Insurers criticised over London riot settlements

Sir William Castell, chairman of The High Street Fund
Image caption Sir William Castell said firms were struggling to "stay alive"

Insurance companies have been accused of being too slow in compensating some victims of last summer's riots.

A London Assembly committee heard criticism from Tottenham MP David Lammy and Sir William Castell, chairman of the charity set up to provide emergency funding for small businesses.

The Association of British Insurers (ABI) defended its members in light of unprecedented events.

It said 95% of August claims had now been made in part or full.

Sir William, chairman of The High Street Fund, said: "These traders were suffering anything from between 20 to 60% loss of their normal trade.

"Just staying alive was something of a challenge for them."

He said he was unable to speed up the compensation process for traders.

'Lack of sensitivity'

He said: "What really concerned me was I was unable either to move central government to push quickly or the ABI to really say 'these people are severely damaged, they are running out of cash, they need your help, you should pay'."

In January, 23% of claimants were still waiting for settlements.

Labour MP Mr Lammy, who previously called the behaviour of insurers "woeful", said there had been a lack of "sensitivity" to people with English as a second language and those running "individual businesses".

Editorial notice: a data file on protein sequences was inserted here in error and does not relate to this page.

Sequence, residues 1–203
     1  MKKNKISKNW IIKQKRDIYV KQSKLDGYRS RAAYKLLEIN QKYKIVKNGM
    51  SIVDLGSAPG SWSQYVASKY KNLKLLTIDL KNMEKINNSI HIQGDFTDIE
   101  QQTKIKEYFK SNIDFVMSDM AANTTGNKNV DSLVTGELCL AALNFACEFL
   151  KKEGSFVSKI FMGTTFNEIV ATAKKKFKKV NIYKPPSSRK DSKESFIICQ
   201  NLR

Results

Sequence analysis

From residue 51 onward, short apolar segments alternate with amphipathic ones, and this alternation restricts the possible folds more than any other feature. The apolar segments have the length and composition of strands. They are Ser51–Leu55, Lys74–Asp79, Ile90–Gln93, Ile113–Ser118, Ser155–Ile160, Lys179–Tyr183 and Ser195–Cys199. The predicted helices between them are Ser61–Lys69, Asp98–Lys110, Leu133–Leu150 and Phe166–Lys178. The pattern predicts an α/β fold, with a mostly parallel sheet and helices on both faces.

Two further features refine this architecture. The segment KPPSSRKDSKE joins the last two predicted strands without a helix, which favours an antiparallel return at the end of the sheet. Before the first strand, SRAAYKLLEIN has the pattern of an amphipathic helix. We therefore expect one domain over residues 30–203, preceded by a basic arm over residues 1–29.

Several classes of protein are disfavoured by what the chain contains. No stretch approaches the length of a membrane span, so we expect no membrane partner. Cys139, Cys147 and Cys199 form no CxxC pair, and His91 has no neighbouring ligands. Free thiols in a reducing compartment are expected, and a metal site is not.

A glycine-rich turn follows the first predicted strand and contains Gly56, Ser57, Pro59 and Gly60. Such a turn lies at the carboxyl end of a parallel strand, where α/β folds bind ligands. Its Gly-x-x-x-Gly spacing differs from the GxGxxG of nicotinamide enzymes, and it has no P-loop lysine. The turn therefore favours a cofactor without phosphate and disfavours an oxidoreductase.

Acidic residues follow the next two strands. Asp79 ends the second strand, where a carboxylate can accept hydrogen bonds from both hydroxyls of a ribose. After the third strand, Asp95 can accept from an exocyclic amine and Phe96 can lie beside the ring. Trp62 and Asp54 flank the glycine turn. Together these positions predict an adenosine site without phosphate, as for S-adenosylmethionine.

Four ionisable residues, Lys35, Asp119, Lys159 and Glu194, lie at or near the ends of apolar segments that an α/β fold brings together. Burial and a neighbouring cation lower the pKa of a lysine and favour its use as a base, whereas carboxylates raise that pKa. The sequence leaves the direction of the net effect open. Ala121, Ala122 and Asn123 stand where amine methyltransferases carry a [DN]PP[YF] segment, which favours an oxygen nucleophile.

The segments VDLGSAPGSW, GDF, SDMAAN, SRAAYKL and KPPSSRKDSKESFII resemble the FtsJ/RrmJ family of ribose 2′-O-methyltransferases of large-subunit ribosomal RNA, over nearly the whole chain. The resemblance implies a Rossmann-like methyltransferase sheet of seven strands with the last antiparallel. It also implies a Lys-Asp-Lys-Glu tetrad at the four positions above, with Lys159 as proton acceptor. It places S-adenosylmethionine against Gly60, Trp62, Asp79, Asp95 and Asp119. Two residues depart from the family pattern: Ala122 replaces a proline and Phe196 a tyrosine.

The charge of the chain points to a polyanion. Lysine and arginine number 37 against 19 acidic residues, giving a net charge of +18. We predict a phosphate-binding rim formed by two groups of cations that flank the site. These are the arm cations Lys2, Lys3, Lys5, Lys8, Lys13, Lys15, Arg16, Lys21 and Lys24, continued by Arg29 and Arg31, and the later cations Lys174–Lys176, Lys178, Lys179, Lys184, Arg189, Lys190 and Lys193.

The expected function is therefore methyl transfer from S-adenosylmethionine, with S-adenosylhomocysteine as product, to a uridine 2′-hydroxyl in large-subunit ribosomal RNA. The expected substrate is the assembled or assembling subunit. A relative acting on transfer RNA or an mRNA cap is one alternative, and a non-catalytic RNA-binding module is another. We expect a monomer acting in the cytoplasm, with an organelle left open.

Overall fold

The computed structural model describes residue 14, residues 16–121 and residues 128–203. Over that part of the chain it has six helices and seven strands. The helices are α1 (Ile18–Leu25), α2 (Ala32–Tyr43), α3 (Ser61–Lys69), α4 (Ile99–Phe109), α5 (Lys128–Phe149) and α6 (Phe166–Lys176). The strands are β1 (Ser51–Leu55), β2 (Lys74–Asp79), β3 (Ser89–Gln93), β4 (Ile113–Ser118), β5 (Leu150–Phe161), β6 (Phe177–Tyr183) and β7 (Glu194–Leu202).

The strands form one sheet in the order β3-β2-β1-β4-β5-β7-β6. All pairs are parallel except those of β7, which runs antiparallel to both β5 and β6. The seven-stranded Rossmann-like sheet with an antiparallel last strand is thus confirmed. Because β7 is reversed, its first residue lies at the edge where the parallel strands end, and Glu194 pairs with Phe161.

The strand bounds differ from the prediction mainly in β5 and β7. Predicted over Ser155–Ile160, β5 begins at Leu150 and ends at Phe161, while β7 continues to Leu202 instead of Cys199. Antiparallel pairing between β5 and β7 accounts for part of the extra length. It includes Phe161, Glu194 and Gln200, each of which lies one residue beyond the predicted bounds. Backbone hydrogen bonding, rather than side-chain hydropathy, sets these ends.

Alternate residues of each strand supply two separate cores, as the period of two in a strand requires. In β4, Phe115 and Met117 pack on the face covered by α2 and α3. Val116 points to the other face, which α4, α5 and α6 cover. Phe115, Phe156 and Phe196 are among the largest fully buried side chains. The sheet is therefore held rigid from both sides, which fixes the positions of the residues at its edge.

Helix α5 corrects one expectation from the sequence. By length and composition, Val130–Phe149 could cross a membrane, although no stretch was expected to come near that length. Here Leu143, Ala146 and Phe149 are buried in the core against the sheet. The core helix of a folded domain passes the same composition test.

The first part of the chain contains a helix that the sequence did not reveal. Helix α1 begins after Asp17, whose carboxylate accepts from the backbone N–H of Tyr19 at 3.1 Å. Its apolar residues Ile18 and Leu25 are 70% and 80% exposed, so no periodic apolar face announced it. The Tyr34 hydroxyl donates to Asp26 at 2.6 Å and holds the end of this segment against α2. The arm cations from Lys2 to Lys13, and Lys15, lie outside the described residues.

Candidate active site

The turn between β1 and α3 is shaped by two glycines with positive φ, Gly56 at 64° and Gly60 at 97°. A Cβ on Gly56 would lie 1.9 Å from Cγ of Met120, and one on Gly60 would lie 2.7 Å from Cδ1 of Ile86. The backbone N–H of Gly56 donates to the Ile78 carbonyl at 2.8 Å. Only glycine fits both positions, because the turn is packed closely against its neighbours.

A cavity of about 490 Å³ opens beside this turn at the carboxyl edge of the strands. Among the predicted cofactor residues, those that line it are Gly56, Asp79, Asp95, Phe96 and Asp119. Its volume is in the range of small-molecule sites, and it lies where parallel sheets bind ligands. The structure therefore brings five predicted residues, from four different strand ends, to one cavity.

Malcolm Tarling, spokesman for the ABI, told the BBC he disputed the criticisms.

He said: "In the four days in August where we saw the riots that hit much of London, insurers dealt with and received thousands of claims from homeowners and businesses and we expect actually to pay over £200m in settling those claims.

"We were acutely aware that this was a very traumatic event and that lots of businesses were on the line here, and we reacted as quickly as possible, and that work continues."

Assembly Member John Biggs, who chairs the Budget and Performance Committee, said:

"We must not allow a worrying rise in uninsured and under-insured businesses to be a legacy of the riots, and we hope to put these concerns to the insurance industry at our next meeting."

The committee will invite representatives of the insurance industry and local councils to a meeting on 10 July.

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